Article

Cancer Causes & Control

, Volume 15, Issue 10, pp 1067-1076

Alcohol intake and risk of non-Hodgkin lymphoma in men and women

  • Ellen T. ChangAffiliated withDepartment of Medical Epidemiology and Biostatistics, Karolinska Institutet
  • , Karin Ekström SmedbyAffiliated withDepartment of Medical Epidemiology and Biostatistics, Karolinska Institutet
  • , Shumin M. ZhangAffiliated withDivision of Preventive Medicine, Department of Medicine, Department of Epidemiology, Brigham and Women's Hospital and Harvard Medical School, Harvard School of Public Health
  • , Henrik HjalgrimAffiliated withDepartment of Epidemiology Researchn, Statens Serum Institut
  • , Mads MelbyeAffiliated withDepartment of Epidemiology Researchn, Statens Serum Institut
  • , Åke ÖstAffiliated withDepartment of Pathology and Cytology, Medilab
  • , Alicja WolkAffiliated withDivision of Nutritional Epidemiology, The National Institute of Environmental Medicine, Karolinska Institutet
  • , Hans-Olov AdamiAffiliated withDepartment of Medical Epidemiology and Biostatistics, Karolinska Institutet
  • , Bengt GlimeliusAffiliated withDepartment of Oncology, Radiology and Clinical Immunology, Department of Oncology and Pathology, University of Uppsala, Karolinska Institutet, Uppsala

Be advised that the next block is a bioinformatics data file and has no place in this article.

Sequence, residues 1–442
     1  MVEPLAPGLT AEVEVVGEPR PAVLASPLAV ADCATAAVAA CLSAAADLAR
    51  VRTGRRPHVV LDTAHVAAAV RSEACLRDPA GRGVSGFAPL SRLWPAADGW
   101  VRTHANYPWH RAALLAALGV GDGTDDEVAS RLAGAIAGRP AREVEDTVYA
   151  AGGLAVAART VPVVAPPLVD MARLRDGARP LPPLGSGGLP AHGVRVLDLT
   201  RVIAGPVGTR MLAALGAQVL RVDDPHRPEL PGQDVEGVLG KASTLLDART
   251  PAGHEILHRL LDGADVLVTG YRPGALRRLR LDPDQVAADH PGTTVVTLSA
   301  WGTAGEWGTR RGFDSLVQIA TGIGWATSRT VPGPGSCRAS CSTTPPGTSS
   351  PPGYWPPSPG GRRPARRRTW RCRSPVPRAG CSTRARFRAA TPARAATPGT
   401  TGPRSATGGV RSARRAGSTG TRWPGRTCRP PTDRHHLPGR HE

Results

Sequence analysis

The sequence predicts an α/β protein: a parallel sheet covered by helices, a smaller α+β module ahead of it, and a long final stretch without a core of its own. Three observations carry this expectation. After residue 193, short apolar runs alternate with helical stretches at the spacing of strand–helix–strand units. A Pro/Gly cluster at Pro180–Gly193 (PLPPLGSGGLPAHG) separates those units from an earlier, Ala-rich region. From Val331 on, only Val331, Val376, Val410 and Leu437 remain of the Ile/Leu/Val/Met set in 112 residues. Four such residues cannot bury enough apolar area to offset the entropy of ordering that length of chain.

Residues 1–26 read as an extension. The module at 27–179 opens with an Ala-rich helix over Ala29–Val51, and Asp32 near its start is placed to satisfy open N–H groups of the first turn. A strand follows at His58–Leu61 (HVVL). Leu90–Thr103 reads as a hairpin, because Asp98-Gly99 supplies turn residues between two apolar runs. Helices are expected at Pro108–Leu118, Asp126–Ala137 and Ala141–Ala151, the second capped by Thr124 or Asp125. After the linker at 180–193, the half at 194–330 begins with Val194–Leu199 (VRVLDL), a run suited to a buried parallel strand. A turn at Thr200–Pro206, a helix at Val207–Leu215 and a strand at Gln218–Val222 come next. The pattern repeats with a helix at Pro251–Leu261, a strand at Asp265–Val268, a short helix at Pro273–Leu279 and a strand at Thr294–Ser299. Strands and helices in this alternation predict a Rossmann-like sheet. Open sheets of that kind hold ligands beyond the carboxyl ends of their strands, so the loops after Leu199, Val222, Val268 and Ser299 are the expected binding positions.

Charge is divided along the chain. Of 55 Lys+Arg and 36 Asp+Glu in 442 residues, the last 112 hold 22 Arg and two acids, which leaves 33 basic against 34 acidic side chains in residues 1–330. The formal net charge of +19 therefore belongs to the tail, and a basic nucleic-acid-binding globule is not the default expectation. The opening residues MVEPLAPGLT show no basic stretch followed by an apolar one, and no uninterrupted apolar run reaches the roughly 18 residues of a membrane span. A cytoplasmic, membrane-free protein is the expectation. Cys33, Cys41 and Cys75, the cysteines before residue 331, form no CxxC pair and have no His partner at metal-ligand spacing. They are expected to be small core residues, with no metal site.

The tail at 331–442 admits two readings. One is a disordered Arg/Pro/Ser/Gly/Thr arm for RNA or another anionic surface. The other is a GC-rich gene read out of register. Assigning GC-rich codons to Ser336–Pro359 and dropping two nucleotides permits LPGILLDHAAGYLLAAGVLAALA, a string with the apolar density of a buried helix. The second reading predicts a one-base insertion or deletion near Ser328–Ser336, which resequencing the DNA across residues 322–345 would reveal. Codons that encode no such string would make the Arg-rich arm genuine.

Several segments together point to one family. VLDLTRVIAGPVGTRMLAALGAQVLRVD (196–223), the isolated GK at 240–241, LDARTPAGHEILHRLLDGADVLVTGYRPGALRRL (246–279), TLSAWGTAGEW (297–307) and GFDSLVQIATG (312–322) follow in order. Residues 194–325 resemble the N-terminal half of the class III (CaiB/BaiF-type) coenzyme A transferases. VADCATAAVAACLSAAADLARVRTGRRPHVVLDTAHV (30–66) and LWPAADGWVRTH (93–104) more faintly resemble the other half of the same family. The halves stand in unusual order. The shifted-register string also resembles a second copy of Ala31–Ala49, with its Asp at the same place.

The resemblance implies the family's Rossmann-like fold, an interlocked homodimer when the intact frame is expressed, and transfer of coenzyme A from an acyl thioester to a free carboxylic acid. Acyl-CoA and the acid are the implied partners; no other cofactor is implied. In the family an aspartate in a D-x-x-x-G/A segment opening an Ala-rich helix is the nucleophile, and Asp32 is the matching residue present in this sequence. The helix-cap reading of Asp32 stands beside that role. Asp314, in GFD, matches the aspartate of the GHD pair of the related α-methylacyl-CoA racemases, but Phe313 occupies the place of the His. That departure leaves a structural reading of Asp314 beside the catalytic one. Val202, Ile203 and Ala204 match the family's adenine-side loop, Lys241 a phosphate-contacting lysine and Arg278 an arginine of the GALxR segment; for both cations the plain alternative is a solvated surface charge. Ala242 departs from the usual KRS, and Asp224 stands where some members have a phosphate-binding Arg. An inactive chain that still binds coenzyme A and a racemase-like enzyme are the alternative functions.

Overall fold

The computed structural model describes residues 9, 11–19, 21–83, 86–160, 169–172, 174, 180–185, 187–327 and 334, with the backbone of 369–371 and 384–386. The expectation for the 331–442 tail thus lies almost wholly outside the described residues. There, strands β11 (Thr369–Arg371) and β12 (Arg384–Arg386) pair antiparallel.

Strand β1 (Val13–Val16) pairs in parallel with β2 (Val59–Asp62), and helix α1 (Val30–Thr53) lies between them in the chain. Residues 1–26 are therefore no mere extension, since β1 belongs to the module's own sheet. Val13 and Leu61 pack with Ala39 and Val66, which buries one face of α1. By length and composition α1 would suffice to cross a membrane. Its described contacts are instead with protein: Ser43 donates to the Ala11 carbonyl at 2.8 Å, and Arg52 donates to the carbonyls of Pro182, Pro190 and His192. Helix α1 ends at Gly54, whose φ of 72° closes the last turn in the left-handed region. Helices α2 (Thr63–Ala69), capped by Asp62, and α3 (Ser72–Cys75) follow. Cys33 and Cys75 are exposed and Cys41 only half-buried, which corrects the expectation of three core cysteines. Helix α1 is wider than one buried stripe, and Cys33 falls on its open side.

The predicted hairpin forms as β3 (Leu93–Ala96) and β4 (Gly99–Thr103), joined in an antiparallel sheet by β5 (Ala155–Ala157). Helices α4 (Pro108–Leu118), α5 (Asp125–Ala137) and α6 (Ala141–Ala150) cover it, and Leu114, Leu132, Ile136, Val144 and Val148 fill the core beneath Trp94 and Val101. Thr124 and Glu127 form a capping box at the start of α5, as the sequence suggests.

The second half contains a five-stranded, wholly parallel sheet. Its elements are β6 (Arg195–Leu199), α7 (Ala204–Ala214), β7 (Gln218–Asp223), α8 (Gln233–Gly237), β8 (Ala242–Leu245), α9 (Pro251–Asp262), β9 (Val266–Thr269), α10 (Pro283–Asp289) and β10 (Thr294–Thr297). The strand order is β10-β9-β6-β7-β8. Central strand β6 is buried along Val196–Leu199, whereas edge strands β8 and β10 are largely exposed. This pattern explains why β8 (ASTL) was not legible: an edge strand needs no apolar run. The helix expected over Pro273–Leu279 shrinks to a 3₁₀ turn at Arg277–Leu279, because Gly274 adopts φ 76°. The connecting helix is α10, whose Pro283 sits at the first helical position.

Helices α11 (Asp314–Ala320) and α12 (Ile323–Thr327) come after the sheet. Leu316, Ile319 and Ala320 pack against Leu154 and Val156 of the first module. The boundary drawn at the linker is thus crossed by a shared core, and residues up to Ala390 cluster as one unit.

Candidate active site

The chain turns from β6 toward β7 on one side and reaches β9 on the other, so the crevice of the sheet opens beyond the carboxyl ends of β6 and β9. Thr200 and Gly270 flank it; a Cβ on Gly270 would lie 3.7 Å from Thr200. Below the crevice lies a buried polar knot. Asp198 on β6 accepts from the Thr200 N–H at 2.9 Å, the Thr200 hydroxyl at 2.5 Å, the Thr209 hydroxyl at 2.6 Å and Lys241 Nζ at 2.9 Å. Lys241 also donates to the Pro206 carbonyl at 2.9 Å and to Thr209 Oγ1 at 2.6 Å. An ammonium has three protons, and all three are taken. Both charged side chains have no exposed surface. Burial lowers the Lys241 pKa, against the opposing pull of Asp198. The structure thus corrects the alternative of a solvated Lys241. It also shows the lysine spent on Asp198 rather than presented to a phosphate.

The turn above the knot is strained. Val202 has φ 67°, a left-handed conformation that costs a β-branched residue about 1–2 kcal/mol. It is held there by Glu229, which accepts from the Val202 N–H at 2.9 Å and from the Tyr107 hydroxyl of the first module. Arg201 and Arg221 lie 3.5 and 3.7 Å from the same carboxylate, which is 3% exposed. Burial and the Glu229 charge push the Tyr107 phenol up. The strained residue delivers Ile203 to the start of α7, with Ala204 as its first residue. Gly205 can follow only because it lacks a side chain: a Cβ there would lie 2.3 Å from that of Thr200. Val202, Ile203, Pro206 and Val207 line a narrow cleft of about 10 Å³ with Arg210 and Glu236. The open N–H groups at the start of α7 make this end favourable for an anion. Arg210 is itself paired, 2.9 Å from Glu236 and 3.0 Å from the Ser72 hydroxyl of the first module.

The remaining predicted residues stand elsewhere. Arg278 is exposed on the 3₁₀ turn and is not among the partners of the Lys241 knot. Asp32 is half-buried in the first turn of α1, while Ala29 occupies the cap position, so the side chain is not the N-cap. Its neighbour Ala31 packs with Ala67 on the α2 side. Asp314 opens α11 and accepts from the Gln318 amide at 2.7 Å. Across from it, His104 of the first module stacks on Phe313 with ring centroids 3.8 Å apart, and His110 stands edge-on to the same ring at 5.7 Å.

Rent the article at a discount

Rent now

* Final gross prices may vary according to local VAT.

Get Access

Abstract

Objective: The effect of alcohol intake on risk of NHL is unclear. We therefore conducted a population-based case-control study to examine the association between alcohol and NHL risk.

Methods: 613 NHL cases and 480 population controls in Sweden reported their average consumption of beer, wine, and liquor 2 years before the study. Unconditional logistic regression was used to estimate the odds ratios (OR) and corresponding 95% confidence intervals (CI) for associations between alcohol intake and NHL risk.

Results: Intake of total alcohol, beer, wine, or liquor was not associated with risk of overall NHL. There was no difference in risk of NHL among those who habitually consumed above 19.1 g of ethanol per day, compared to those who consumed on average 0–2.2 g of ethanol per day (OR = 1.2 (95% CI: 0.8, 1.7); p trend = 0.29). However, the association was significantly positive among males (OR = 1.8 (95% CI: 1.1, 2.9); p trend = 0.06). Total alcohol, beer, wine, or liquor intake was not associated with any major histopathologic subtype of NHL examined, apart from an association between high wine consumption and increased risk of chronic lymphocytic leukemia.

Conclusions: Alcohol does not appear to be a major etiologic factor for overall NHL, nor its common subtypes.

alcohol epidemiology non-Hodgkin lymphoma